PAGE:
The Himalayan Bulbul is also known as the White-cheeked Bulbul. It is a songbird in the bulbul family found in central and South Asia. Photographed in Uttrakhand, India Photographed (Lalit Arora)


Golden-crowned Kinglet. This tiny bird is present throughout most of the North American continent during the winter months, while nesting in northern forests in Canada (Kelly Hunt)


Common Hoopoe photographed in Madhyamgram, West Bengal, India (Grace Marian)


The Citrine Wagtail breeds in the central Palearctic in wet meadows and tundra. It migrates in winter to South asia, oftem to highland areas. Photographed in Purbasthali , Burdwan, West Bengal, India (Alok Das)


The Chestnut-necklaced Partridge is found in the Thai-Malay Peninsula, Aceh, South Sumatra and Sabah. Its habitat is lowland evergreen forest and secondary forest. Photographed in Kedah, Malaysia (Richard Chong)


The Chestnut-bellied Sandgrouses are found in sparse, bushy, arid land which is common in central and northern Africa, and southern Asia. Photographed in Kurnool, Andhra Pradesh, India (Sourav Mookherjee)


Burrowing Owl photographed in Ft. Lauderdale, FL, USA (Linn Smith)


Indian Stone Curlew photographed in Gujarat, India (Vipul Trivedi)


Blue-throated Blue Flycatcher photographed in Kolkata, India (Avijit Dutta)


The Barred Buttonquail is resident from India across tropical Asia to south China, Indonesia and the Philippines. It is a typically little buttonquail, rufous-brown above, rusty and buff below. Photographed Burdwan, India (Avijit Dutta)


The Ashy-crowned Sparrow-lark is found in the plains in open land with bare ground. Although this bird may be sometimes perch on wires, it does not perch in trees or bushes. Photographed in Rajarhat Grassland, Kolkata, West Bengal, India (Pradyut Choudhury)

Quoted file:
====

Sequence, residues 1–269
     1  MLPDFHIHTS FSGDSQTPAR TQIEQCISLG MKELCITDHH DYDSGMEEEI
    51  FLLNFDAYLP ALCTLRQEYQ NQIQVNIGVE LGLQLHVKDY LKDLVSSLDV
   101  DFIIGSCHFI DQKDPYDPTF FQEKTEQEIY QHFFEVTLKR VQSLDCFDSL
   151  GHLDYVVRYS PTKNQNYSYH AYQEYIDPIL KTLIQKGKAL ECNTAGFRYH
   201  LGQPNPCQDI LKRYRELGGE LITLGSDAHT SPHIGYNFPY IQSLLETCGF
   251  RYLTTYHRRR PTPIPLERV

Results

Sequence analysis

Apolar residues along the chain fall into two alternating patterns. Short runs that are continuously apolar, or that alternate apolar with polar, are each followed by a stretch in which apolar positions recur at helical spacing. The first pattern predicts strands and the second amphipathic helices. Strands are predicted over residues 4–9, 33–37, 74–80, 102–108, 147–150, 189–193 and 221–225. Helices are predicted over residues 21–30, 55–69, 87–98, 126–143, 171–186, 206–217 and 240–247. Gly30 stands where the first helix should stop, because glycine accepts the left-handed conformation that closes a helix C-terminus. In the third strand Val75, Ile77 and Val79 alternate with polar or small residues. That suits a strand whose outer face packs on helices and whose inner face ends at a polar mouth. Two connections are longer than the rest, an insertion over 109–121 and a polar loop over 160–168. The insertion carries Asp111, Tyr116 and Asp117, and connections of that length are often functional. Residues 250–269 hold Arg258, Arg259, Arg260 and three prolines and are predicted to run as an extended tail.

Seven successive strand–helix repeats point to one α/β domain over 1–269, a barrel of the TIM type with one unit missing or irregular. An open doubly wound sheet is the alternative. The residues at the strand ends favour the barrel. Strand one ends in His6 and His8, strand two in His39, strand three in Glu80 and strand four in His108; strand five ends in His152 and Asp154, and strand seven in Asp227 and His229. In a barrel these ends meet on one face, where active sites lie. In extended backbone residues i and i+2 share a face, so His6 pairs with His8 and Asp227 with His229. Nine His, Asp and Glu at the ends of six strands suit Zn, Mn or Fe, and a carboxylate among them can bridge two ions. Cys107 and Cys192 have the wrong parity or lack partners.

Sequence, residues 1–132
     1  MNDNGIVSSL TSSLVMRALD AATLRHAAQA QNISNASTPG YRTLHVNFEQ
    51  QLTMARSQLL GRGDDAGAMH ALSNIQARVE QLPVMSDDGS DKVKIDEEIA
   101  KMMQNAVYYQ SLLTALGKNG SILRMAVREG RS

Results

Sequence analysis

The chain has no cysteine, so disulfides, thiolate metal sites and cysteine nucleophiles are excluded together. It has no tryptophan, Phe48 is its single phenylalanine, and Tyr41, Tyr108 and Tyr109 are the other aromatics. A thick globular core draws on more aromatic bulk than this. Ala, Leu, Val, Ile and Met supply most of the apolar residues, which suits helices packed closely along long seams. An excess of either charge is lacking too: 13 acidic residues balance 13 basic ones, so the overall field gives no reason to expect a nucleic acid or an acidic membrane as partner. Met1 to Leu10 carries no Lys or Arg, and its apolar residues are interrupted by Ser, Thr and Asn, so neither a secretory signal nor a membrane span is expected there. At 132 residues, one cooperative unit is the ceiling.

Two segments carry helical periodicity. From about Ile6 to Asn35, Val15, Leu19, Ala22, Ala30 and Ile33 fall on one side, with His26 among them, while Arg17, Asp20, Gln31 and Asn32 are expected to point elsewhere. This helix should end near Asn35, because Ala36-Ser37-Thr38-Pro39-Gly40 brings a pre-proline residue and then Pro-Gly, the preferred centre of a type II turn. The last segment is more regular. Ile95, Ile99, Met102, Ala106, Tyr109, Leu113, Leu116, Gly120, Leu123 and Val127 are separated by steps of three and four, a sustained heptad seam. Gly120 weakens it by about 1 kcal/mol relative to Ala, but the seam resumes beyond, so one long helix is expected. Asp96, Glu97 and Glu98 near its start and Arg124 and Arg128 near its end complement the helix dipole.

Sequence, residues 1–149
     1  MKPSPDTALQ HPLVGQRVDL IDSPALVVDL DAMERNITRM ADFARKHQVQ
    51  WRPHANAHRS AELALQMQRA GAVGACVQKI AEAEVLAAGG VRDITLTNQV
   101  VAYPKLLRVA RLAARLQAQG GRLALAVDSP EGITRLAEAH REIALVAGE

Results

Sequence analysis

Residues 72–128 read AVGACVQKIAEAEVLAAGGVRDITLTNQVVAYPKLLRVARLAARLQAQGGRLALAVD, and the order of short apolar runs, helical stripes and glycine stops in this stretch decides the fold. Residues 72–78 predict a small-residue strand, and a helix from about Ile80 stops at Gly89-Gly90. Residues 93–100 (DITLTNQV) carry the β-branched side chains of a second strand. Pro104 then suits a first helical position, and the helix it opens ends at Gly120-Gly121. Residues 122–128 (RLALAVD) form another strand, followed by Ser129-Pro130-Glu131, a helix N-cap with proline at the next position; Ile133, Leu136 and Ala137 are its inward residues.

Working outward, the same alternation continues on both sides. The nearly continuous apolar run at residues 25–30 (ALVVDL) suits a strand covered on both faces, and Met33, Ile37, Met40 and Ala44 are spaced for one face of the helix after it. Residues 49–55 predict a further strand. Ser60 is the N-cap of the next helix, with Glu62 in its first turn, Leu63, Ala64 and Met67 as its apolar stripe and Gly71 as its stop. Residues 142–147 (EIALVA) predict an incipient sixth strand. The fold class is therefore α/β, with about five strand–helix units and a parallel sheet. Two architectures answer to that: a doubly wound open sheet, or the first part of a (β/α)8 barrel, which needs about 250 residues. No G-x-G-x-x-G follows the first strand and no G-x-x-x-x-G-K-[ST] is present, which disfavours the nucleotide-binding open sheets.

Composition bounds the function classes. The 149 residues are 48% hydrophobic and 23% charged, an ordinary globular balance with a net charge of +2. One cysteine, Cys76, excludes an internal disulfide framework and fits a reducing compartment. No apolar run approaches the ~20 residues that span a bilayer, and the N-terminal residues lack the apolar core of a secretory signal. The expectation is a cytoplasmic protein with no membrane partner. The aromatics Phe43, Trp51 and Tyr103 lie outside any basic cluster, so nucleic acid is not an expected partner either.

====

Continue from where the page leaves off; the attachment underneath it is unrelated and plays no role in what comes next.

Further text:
Our mission is to build a global community around the freedom and beauty of birds in the wild as ambassadors for the natural ecosystems that they depend upon. They are the music, decoration, and character of every terrestrial habitat on the planet and have been around since the dinosaurs. They are the witnesses and ambassadors of the awesome power of nature. The wide availability of good, cheap optics has opened their world to us for the last few decades. Amazing, affordable DSLR cameras with long lenses are delivering brilliant digital bird imagery to online communities.

We are in a day-and-age during which more bird species are threatened with extinction than ever before. The Wild Birds! Revolution aims to publish the “Top 25 Wild Bird Photographs of the Week” to 1 million people every week by the end of the year. That is a revolution that will change the world! Join thousands of other weekend naturalists, photographers, birders, experts, hikers, nature-lovers, guides, scientists, conservationists and artists that share the thousands of wild bird photographs submitted to the Wild Bird Trust website and Facebook page. Thousands of wild bird enthusiasts are going out every day to photograph our planet’s beautiful birdlife. Pick up your camera, fill your bird feeder, open your heart, and join the Wild Birds! Revolution!!

Edited by Abigail Ramudzuli, Campaign Manager